"With the current rain and cold, we are seeing refugees suffering from respiratory tract infections, diarrhea and malaria," Adrian Edwards, spokesman for the Office of the U.N. High Commissioner for Refugees, said a statement issued from the agency's headquarters in Geneva, Switzerland.
The agency said 170,000 refugees were living in camps and settlements in South Sudan's Unity and Upper Nile states after fleeing conflict and food shortages in South Kordofan and Blue Nile states.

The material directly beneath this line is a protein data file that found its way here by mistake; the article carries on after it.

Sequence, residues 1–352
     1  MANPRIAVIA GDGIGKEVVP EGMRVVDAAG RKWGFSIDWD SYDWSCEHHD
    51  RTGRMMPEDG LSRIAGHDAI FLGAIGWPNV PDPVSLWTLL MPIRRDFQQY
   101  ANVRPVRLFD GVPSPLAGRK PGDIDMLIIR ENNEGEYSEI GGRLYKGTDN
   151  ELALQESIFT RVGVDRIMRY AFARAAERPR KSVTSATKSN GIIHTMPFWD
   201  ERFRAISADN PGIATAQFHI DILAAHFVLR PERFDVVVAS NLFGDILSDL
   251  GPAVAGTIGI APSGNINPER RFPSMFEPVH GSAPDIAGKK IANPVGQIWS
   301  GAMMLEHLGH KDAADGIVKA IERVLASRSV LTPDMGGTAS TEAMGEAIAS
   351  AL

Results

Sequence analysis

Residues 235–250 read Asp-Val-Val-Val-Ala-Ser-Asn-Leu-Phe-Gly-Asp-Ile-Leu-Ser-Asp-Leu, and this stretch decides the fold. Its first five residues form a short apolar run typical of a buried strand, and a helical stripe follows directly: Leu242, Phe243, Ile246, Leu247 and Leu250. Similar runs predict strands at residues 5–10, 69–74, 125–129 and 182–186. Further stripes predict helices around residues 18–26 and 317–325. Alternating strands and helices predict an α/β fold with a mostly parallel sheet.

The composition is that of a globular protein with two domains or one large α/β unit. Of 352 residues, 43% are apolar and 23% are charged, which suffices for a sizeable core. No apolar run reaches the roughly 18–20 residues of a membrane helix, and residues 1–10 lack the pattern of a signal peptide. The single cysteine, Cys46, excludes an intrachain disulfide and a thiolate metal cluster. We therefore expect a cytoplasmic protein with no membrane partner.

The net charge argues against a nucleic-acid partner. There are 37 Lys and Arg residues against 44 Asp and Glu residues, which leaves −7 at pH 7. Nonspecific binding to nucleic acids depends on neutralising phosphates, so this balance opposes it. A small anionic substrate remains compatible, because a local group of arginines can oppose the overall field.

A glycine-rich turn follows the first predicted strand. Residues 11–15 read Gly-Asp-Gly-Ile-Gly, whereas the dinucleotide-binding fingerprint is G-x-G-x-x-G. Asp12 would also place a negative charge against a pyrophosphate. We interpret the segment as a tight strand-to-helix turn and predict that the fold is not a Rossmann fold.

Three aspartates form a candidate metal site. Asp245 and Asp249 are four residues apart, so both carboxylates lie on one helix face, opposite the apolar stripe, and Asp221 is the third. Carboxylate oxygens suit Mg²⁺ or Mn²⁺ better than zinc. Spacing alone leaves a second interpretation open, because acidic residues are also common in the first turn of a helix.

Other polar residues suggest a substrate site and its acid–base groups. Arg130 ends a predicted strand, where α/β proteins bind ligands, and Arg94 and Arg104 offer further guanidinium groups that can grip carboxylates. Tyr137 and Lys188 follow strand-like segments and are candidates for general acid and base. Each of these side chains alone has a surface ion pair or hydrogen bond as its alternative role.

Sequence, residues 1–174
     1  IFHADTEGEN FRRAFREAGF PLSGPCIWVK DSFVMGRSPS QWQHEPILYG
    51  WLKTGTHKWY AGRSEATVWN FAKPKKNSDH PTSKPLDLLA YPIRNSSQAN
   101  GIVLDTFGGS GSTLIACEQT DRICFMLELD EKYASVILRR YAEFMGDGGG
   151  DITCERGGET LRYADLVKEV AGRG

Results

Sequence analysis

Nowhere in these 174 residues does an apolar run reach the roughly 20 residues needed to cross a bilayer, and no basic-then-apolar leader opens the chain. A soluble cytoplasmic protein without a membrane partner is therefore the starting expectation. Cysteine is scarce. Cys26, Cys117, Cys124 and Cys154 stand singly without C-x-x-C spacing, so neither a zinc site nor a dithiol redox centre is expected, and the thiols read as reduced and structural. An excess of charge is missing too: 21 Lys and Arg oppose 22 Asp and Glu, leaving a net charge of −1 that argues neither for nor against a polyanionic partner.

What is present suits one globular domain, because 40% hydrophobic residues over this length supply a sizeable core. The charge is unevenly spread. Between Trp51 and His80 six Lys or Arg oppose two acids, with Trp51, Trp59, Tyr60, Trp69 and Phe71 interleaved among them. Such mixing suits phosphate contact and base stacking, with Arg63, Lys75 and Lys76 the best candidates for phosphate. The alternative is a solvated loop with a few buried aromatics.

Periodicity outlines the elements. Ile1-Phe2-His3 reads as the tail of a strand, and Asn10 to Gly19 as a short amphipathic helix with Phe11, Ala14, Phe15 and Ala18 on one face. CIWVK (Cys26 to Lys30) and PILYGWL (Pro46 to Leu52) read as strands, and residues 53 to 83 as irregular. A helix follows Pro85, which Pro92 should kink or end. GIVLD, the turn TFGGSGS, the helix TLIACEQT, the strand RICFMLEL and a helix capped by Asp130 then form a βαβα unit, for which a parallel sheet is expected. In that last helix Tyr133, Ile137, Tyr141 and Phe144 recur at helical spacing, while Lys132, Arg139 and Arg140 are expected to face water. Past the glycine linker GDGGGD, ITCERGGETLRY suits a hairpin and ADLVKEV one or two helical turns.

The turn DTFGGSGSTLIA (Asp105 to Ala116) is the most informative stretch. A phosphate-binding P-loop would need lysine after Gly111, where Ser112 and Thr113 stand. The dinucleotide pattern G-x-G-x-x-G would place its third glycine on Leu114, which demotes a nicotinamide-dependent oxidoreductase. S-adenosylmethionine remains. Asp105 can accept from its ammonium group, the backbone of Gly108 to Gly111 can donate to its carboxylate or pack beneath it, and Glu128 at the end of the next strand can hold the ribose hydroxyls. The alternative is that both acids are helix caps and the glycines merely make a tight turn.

In Upper Nile, nearly half the refugees are under the age of 11, which Edwards said was an unusually large proportion in refugee emergencies.
Earlier this month, the refugee agency and its partners began an extensive health and hygiene outreach program, emphasizing good, basic hygiene, Edwards said.
"We are trying to impress upon refugees the importance of fundamentals like hand-washing, collecting water in clean buckets and jerry-cans [fuel containers] and not defecating in the open," he said.
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